In 1865 was celebrated the marriage which united the destinies of Mr. Jones and Miss Gertrude Reister, of Washington, Iowa, a daughter of George H. Reister. Mr. and Mrs. Jones have three children, namely: Maude G., wife of T. E. Garrett, of Boone, Iowa; and Fannie and Howard, at home.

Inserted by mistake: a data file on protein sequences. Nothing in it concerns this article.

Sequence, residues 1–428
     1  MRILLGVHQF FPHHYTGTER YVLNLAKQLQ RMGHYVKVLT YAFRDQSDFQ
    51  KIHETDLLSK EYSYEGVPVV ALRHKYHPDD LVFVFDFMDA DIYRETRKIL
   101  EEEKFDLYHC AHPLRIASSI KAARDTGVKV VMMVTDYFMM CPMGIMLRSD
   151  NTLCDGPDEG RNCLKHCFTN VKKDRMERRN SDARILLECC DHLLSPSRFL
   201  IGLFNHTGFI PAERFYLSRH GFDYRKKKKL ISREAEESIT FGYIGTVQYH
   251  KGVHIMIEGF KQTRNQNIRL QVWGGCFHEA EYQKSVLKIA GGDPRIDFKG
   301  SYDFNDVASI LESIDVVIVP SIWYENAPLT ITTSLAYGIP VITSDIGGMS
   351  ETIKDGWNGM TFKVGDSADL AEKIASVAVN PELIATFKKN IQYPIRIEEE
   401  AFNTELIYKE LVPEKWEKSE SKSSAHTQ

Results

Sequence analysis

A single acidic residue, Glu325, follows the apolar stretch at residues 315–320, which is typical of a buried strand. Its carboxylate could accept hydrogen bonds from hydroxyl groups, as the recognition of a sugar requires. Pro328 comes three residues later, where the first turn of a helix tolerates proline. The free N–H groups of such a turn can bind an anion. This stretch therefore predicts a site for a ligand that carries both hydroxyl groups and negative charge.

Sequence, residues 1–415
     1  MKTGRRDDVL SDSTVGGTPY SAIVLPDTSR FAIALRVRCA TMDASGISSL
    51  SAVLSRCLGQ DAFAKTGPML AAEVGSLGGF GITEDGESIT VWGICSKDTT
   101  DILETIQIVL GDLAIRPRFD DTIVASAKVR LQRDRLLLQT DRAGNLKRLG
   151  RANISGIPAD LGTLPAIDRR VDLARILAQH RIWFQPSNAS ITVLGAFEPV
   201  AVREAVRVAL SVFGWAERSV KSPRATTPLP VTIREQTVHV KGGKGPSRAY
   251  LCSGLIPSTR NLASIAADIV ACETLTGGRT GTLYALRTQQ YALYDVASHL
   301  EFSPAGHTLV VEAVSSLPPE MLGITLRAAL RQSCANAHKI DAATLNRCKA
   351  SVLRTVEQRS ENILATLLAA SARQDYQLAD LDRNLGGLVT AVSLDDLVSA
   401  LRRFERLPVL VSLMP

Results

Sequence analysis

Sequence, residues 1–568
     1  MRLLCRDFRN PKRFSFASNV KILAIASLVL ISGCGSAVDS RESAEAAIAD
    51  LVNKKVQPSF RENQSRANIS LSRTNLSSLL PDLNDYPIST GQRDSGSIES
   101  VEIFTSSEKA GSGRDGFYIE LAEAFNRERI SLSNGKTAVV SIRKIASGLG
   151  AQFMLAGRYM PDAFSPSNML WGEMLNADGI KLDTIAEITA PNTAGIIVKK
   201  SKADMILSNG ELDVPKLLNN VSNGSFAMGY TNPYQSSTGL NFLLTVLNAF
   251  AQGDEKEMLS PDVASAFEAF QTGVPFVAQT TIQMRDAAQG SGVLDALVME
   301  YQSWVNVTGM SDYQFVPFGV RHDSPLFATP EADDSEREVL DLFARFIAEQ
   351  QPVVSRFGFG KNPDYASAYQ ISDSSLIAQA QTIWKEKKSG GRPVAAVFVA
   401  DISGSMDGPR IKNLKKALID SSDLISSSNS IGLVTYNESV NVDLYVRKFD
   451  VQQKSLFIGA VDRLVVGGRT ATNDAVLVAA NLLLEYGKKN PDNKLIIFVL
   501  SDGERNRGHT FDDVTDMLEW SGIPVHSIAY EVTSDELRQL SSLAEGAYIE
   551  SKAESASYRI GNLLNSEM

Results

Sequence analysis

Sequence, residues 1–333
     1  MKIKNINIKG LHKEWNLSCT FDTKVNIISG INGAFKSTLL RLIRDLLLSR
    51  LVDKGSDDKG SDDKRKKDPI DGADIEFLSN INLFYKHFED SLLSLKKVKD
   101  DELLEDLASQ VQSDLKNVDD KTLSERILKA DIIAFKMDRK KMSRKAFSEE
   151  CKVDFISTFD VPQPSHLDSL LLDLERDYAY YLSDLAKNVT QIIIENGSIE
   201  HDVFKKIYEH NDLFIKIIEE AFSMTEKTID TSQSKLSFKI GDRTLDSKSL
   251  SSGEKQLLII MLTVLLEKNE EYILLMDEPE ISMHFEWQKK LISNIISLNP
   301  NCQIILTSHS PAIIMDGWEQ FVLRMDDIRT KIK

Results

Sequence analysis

Edward William Jones, a retired merchant of Winterset, Iowa, has been identified with the interests of this city since 1868. Mr. Jones, like many of the good citizens of this country, is not a native of America. He first saw the light of day in a little town of Wales, September 17, 1835, his parents being William and Catherine (Thomas) Jones, natives of that country, where they passed their lives and died. His father was in early life a carpenter but later turned his attention to agricultural pursuits, in which he was engaged up to the time of his death. Edward W. attended the public schools of his native town, then took a course at Aberdaron, Wales, and afterward spent two years in school at Manchester, England, where he acquired a fair knowledge of the English language, and where his studies were completed. Up to the time he was fifteen he lived on a farm. After leaving the Manchester school he secured a position in a wholesale notion house there, where he was employed as clerk for some time, and on severing his connection with that establishment went to Liverpool, took passage for America, and in due time landed at New York city.